Could COVID-19 be the black swan event that finally forces many companies, and entire industries, to rethink and transform their global supply chain model? One fact is beyond doubt: It has already exposed the vulnerabilities of many organisations, especially those who have a high dependence on China to fulfil their need for raw materials or finished products. A decades-long focus on supply chain optimisation to minimise costs, reduce inventories, and drive up asset utilisation has removed buffers and flexibility to absorb disruptions and COVID-19 illustrates that many companies are not fully aware of the vulnerability of their supply chain relationships to global shocks.

Fortunately, new supply chain technologies are emerging that dramatically improve visibility across the end-to-end supply chain, and support companies’ ability to resist such shocks. The traditional linear supply chain model is transforming into digital supply networks (DSNs), where functional silos are broken down and organisations become connected to their complete supply network to enable end-to-end visibility, collaboration, agility, and optimisation.

I teach supply chain to nearly four hundred graduating Masters in Business Administration students every year and I have always emphasised to the business students about the vulnerabilities of a supply chain network to external threats and also mention that statistical forecasting can be faulty and create unrealistic understanding of consumer demand patterns. This has become fairly obvious now that the COVID19 crisis has caused disruptions across global supply chains; something which is an important factor to be taken into account for businesses to understand now and in the future.

Organisations which have tried to improve supply chain resiliency and bring down disruption risk have started to make progress in adopting an idea called postponement whereby the products are only produced when there is actual demand for them. This mitigates supply chains from storing up too much inventory and incurring unnecessary costs. The past is not a good indicator of the future because the way technology is now being used where prices can be easily compared and contrasted at the click of a button and can allow for consumers to adjust buying accordingly has created a vacuum for forecasting.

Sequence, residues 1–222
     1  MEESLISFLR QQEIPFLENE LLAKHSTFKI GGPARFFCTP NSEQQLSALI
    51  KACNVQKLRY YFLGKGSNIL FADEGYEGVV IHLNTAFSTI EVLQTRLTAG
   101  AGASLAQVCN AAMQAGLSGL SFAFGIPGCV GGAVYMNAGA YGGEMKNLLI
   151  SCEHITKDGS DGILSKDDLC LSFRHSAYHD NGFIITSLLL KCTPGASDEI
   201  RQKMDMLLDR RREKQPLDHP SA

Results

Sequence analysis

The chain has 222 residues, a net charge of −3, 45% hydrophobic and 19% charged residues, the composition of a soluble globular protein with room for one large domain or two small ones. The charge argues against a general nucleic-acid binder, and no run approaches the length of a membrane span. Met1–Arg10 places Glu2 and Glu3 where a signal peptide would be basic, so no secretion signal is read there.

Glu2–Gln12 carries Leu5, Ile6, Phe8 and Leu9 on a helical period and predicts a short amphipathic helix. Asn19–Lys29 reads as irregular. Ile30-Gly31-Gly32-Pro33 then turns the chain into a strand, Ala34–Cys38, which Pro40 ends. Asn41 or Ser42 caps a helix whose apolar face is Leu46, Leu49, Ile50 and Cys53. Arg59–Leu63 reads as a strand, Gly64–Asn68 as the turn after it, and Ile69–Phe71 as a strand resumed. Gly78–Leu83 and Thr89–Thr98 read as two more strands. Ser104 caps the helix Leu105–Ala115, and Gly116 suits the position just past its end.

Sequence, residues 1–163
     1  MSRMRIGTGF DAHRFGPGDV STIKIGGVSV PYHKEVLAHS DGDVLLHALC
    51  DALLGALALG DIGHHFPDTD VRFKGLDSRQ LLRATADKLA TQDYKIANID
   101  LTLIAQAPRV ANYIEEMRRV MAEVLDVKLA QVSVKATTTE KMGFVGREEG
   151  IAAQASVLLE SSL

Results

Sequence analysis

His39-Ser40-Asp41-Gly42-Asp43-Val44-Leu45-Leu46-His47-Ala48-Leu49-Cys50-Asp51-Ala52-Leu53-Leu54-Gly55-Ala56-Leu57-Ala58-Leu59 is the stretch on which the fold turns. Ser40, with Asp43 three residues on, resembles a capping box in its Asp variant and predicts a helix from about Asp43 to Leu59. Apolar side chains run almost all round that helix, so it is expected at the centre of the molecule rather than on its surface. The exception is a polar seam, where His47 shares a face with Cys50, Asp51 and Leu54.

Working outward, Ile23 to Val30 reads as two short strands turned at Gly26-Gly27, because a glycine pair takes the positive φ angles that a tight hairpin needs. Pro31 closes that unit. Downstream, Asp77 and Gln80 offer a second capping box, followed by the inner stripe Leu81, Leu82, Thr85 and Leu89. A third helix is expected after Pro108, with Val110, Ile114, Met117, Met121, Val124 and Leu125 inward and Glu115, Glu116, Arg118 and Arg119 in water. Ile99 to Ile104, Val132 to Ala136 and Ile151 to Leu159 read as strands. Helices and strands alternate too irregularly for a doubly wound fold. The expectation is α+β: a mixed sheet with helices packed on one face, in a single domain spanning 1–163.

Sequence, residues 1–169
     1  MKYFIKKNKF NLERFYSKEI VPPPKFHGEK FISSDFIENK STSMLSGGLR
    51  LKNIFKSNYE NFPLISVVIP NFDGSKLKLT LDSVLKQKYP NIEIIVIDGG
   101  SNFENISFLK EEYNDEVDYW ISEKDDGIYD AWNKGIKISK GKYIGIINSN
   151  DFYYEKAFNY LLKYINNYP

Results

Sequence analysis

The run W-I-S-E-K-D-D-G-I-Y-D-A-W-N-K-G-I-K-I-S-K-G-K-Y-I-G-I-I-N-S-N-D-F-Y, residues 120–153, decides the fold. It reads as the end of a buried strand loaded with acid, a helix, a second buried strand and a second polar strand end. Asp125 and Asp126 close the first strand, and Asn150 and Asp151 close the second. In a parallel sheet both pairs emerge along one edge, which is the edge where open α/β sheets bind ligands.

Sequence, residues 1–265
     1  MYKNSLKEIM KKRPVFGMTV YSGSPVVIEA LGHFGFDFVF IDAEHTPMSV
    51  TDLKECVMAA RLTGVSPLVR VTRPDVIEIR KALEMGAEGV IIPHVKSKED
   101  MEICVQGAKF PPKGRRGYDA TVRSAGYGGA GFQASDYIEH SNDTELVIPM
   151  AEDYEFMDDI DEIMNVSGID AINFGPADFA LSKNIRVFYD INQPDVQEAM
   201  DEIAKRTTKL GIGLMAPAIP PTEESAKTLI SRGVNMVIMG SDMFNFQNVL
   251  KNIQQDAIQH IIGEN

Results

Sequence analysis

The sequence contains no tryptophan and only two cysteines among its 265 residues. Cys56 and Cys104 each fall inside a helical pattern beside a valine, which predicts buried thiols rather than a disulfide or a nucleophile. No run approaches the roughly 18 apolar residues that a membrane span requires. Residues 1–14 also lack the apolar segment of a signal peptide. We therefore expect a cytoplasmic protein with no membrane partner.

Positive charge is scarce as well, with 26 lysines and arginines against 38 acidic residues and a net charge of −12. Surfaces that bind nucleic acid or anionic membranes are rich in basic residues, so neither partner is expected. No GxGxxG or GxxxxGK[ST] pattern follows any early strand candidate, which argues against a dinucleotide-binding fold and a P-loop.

Transparency between companies and customers about supply chains is crucial for recovery after the coronavirus crisis subsides, as well as for the prevention of future disruptions. Information flow or data has always been a challenge across the supply chain and post COVID-19 exchange of data among retailers, warehouses, distributors and manufacturers would be crucial because that’s where you’ll figure out where there are some challenges, and where the opportunities lie.

During the coronavirus crisis, it’s important to be able to use live data to make quick adjustments in supply chains. Every day is a challenge, you don’t know what’s going to happen as a supply line is shut down, or you are missing products, for example. There needs to be a move towards more agile planning and a greater emphasis on risk resiliency and robust supply chain as critical to a firm’s success.

The impact of China’s lockdown will diversify supply chains in the future, instead of relying only on China manufacturing hubs such as Vietnam, Mexico, and India are likely to benefit from that shift.

We will also see a decentralisation of manufacturing capacity, with companies looking to bring production home. This trend grew with the likes of automation and small batch production, which had become so cheap that a number of countries started moving portions of their supply chain back home. Policymakers may be increasingly pressured to consider whether certain products need to be manufactured in the country or the region. The transition to a new model for supply chains will be underpinned by a rapid and wholesale digitisation of the paperwork that accompanies global trade. The current crisis is an opportunity to reset a system that has relied on outdated processes. Creating smart and agile supply chains is the key to building a global trade and investment network that’s capable of weathering future storms.